Behind every A-list star is a very frantic agent checking contract details, managing schedules and staving off a PR disaster.
Agents’ lives and works have been put in the spotlight thanks to the series Ten percentthe English language remake of the French series Call my agent! which revolved around the antics of the Parisian film agency ASK and their top clients.
In the UK version, the action has been moved from the 1st Arrondissement to London’s Goodge Street and the storylines revolve around megabucks deals, sophisticated Hollywood studios and 4am.
We’ve seen agents on screen before, but the depictions tended to be a bit one-dimensional. In extras and entourage, they were essentially caricatures; insensitive, venal middlemen. In Friends, Estelle Leonard was a no-contact chain smoker.
In Ten percent, Shown now on Amazon Prime Video, there is more humanity. The agents rightly care about their customers.
While it seems more realistic, is it actually an accurate representation of an agent’s everyday life?
are the days so long Are the deals top secret? And how do you tell an actress or presenter that she didn’t get the job because the director thought she was too old?
Joanne Byrne is one of Ireland’s leading celebrity agents.
While Byrne says her “bread and butter” runs her PR firm Presence, she works with some of Ireland’s biggest TV stars including Nicky Byrne, Brian Dowling, Síle Seoige, Lucy Kennedy and Mairead Ronan.
She also seems to know almost every Irish celebrity personally. She is responsible for appearing as Cupid and building up Brian O’Driscoll and Amy Huberman. She even offered to cater for the media on her big day as a wedding present.
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she thinks Ten percent is modeled on reality, albeit with a glossy sheen. “I watched the French version… A TV series will always have a poetic liberty because it has to be entertaining but based on truth,” she says. “It’s an interesting world. And yes, we all have stories. We can never repeat most of them.”
Collaborating with actors and TV personalities in big shows or movies may sound incredibly glamorous. But those looking to break into the industry should be aware that this isn’t back-to-back champagne receptions and red carpet parties.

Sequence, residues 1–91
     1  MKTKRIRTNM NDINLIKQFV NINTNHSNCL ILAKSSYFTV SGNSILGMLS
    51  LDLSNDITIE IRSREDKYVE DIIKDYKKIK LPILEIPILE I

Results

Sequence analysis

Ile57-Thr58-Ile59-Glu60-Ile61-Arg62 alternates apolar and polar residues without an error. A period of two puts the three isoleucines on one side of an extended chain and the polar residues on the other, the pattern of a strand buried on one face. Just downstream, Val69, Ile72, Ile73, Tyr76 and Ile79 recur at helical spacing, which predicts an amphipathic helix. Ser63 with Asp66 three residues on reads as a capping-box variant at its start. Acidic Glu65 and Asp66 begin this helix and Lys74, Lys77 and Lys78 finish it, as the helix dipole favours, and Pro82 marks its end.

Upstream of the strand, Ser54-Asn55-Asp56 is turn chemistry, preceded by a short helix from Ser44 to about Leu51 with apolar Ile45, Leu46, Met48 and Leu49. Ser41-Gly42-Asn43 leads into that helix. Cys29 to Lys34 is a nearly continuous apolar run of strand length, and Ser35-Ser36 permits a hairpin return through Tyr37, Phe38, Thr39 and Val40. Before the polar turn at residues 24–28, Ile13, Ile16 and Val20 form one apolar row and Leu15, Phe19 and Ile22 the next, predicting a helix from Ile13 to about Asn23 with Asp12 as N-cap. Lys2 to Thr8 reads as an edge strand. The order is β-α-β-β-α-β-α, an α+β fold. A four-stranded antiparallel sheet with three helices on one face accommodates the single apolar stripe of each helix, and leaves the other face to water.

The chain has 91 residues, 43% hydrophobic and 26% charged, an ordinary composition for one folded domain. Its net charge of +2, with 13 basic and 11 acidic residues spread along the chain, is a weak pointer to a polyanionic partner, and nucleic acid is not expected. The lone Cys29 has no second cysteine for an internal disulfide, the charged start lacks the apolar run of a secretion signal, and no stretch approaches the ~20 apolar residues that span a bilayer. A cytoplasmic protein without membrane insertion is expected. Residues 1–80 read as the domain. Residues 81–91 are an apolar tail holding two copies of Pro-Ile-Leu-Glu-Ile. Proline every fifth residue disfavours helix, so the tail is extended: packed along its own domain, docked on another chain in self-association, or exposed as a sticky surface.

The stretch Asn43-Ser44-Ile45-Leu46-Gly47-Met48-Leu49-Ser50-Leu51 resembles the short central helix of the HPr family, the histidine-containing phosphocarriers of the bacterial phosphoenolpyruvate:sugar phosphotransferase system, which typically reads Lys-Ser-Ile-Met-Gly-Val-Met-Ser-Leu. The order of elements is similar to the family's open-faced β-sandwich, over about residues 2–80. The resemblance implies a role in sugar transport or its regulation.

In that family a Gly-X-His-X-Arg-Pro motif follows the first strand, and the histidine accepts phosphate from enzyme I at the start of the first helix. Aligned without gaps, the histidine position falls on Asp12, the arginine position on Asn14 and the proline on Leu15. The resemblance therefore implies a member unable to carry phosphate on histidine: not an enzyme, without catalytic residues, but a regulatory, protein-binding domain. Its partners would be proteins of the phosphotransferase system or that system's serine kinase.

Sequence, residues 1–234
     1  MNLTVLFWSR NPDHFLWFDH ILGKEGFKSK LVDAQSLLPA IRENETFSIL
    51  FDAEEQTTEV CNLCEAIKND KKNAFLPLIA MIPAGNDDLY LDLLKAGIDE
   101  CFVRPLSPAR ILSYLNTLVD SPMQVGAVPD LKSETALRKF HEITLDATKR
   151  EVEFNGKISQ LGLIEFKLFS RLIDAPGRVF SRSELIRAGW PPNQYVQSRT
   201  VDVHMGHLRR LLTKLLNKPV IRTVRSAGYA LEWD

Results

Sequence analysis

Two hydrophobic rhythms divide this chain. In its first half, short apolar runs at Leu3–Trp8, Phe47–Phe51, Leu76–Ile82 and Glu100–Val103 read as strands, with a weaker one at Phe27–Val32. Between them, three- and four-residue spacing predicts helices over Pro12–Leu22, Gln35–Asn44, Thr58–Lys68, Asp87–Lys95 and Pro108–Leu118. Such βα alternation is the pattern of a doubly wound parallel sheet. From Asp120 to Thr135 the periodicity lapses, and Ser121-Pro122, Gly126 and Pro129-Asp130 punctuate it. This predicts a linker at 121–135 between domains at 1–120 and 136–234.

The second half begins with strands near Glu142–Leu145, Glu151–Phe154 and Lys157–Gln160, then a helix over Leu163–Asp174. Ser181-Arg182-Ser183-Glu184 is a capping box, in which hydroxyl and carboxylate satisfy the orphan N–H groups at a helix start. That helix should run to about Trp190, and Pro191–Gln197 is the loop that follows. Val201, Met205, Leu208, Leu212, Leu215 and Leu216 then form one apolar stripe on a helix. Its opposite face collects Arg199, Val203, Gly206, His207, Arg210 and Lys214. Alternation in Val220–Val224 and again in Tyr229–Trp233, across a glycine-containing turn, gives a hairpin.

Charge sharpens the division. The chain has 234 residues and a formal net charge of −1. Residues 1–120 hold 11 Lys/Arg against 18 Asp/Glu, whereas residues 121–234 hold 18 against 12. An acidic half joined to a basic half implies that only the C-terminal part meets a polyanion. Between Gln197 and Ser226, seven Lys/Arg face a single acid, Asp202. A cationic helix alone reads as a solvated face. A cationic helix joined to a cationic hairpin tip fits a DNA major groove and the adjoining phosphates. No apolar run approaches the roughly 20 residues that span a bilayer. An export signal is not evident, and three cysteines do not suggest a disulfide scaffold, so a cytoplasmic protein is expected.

Years of contract negotiations, meetings with directors and producers, visits to showcases and hundreds of hours of phone calls must take place before the carpet is rolled out.
“These moments usually come at the end of two years of auditions, contracts, filming and editing,” says celebrity agent Susannah Norris. It was a lot of hard work to get there, and in that regard, she says “it can be really satisfying.”
Norris began working at Dublin talent agency The Agency after graduating from college before launching her own highly regarded business, Susannah Norris Agency, in 2019. “I didn’t know you could do something like that in Ireland,” she says. “I fell in; I thought it was a job you could only have in the US or London.” She represents acclaimed actors like Angeline Ball, normal people‘s Eanna Hardwicke, Mark Huberman and Mary McEvoy.
A big part of the job is managing expectations and preparing actors for setbacks, she says. “People think of this ideal start; getting a roll once they complete the lir and that’s a fantastic dream but those are kind of unicorn trajectories. About 2 percent of actors make a living from acting, most people have a side job alongside acting, and 98 percent of the time people are told they didn’t get the job. It’s a tough gig and it takes a thick skin to deal with that rejection…I couldn’t handle it myself.”
Joanne Byrne agrees that breaking bad news is one of the worst parts of the job.